[Oberon] Oberon.Call

eas lab lab.eas at gmail.com
Fri Feb 1 23:56:34 CET 2013

Thanks Paul,

] > Getting the tokens at the cursor is exactly what must happen with:
] >       Oberon.Call(S.s, Oberon.Par, FALSE, res);
] ...
]> But the <TextScanner> does NOT read the cursor co-ordinates;

] Have a look at TextFrames.Call(), which calls Oberon.Call() after setting
] up the parameters to the command.
] TextFrames.Call() is called from TextFrames.Edit() when tracking the mouse.
] TextFrames.Edit is in turn called from the TextFrames message handler
] TextFrames.Handle().
OK, but I still can't see how to get the char at the CURSOR.
Is this correct:--
  Oberon.GetSelection(text, beg, end, time);
  char := <Scan 'text' from 'beg'>
would get the char of mouse: RM.

But the RECORD in Oberon.Mod which holds 'text' and 'beg'
 has been Set by a process, which runs in the background,
 which is not published.
I want the CURSOR-chars, to be returned, for various keys, like they
can be, for mouse: RM, via < Scan(GetSelected(args)) >.

The code which allows MM to be replaced by kybrd:Ctrl, would also be
close to my requirements. But I can't find it, and perhaps it was only
in the early DOSbased version.
======= OK I found something! Geunter Feldmann's archives are substantial
and he's done a substantial job makeing ETHO usable on other OSs.

 NO/Input.Mod == ...
                  (* middle button emulation *)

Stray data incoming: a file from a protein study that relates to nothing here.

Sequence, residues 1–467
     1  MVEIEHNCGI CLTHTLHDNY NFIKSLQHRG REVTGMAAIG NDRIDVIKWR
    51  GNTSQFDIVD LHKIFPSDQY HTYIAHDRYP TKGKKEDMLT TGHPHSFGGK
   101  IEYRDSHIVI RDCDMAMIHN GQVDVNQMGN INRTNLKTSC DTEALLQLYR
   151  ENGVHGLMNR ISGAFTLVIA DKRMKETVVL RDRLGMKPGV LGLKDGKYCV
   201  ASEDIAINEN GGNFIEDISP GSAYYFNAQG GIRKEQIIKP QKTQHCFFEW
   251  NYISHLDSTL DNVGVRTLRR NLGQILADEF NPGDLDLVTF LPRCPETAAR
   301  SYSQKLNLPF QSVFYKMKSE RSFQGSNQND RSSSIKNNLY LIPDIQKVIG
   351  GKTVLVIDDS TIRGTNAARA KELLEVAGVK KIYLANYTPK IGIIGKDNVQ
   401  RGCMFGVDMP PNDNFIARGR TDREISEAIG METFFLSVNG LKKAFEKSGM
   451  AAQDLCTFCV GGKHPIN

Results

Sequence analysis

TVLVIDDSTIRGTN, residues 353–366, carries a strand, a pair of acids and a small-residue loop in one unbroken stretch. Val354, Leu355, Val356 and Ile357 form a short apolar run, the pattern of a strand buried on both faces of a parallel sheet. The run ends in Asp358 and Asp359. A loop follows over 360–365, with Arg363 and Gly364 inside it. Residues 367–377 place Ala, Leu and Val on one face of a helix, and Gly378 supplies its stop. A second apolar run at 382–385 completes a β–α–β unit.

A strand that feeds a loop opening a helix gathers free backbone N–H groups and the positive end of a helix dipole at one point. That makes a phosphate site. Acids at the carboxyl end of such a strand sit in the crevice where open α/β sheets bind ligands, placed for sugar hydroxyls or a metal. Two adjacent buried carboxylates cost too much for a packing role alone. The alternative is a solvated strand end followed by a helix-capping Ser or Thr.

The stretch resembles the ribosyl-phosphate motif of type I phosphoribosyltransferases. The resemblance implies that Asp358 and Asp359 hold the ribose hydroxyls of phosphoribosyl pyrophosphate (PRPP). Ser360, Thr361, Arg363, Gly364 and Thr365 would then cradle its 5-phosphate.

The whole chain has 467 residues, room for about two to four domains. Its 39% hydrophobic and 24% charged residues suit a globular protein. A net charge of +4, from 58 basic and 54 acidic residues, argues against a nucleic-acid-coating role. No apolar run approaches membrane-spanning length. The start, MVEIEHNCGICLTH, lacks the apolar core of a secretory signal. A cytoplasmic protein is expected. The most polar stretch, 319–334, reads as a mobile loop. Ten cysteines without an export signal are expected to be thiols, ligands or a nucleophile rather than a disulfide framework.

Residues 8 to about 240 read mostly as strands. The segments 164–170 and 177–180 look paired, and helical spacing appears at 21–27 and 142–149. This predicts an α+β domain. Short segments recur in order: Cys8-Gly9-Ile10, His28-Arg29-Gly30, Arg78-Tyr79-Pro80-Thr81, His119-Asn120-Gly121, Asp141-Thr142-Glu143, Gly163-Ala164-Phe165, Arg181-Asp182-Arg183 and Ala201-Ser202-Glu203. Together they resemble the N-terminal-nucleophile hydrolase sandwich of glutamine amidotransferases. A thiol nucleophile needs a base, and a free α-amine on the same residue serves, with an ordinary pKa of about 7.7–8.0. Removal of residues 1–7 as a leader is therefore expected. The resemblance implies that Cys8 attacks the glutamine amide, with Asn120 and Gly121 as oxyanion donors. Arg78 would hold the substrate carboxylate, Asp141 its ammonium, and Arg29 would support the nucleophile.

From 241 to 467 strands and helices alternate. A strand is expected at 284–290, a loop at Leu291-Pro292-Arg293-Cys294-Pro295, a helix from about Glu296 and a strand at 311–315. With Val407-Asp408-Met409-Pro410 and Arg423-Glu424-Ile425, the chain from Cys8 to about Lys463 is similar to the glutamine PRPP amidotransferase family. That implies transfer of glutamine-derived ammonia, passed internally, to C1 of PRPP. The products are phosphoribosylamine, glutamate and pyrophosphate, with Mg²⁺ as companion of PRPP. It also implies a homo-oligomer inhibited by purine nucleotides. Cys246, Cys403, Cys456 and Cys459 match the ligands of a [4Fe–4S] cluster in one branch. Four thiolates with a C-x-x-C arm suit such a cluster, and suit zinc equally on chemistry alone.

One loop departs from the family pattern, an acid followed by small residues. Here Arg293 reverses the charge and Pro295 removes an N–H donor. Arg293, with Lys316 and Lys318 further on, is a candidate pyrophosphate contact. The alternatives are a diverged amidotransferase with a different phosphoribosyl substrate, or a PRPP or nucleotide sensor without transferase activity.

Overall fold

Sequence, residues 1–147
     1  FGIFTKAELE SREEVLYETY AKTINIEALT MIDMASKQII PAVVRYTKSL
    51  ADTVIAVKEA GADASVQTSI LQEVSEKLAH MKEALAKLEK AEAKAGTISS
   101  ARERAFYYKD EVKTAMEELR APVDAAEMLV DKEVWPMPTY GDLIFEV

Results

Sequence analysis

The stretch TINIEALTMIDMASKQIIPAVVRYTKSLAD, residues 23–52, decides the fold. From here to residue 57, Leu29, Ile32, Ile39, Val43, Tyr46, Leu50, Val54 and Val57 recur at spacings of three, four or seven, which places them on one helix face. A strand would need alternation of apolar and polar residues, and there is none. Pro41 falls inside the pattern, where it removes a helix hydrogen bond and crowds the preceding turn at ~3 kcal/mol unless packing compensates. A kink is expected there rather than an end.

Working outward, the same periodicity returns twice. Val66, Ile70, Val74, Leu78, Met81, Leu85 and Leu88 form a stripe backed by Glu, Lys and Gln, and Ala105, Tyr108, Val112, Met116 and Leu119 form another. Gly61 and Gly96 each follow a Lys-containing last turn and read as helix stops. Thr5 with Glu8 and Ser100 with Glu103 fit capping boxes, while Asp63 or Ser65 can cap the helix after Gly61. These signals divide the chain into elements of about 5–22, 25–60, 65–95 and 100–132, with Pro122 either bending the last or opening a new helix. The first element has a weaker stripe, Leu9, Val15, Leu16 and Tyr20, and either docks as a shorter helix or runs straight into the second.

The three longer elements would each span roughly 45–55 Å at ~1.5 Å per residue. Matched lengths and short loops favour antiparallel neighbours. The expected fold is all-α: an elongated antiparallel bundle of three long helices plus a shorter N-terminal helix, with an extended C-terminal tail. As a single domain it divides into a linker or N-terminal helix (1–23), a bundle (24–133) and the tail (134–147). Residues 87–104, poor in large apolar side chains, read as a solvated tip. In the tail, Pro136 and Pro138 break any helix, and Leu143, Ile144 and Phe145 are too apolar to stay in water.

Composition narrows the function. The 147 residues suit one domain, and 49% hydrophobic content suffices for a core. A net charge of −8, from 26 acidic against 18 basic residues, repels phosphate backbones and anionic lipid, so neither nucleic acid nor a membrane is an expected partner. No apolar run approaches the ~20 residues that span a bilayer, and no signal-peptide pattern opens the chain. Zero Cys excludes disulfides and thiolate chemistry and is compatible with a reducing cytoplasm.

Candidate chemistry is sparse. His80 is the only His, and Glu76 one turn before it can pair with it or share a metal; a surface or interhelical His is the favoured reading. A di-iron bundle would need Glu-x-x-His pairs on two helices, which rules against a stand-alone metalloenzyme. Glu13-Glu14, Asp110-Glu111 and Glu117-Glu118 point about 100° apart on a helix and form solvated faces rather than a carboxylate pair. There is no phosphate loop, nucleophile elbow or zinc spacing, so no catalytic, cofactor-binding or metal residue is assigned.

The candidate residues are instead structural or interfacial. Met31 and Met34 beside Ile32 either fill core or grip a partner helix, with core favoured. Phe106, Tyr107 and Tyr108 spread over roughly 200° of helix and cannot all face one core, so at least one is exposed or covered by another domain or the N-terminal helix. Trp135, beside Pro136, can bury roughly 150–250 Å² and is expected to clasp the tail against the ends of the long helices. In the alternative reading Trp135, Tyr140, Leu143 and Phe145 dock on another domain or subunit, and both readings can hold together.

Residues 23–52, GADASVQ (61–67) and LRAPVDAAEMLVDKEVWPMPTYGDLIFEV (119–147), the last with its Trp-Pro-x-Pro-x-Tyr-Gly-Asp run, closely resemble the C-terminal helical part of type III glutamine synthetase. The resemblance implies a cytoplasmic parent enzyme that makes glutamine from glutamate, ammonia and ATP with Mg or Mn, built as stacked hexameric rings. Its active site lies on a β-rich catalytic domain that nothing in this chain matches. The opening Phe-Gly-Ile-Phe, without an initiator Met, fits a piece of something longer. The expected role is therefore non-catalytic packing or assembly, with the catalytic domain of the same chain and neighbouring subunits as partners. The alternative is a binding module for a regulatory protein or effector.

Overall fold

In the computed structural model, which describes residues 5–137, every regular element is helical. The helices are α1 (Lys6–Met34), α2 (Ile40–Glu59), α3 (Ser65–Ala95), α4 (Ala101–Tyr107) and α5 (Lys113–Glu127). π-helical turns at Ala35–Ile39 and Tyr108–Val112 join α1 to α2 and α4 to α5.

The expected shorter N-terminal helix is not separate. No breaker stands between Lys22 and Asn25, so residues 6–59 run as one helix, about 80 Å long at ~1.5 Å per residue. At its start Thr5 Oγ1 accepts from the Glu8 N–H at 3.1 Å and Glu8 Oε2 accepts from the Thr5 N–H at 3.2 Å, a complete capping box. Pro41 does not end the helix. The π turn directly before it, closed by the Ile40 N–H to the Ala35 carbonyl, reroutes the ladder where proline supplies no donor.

IF buttons # 3 THEN     (* -2, 2, -3 *)
                  IF buttons = 2 THEN     (* 2 => Ctrl is middle button *)
------- --
But I can't find a solution from this lead, either.

The difficult part, is that the <text stream viewed on the screen/display>
consists of differnt sized rectangles.

It seems to me that there can be no 'mapping' from X,Y to the correspondingly
displayed-char. Because eg. if you change the font-size of charN, then the
X,Y of char (n + i) changes.

So the X,Y location of any char/object is <where it gets allocated, depending
on the number a sizes of preceding chars>.

Analagously: is it possible to know the Nth prime number, without knowing all
N-1 preceding?

OMG, it's even more complex: it's NOT the char that has coordinates; it's
the pixel-rectangle of the char. But *that* mapping is direct/easy.

I'm not getting near a solution.

== Chris Glur.

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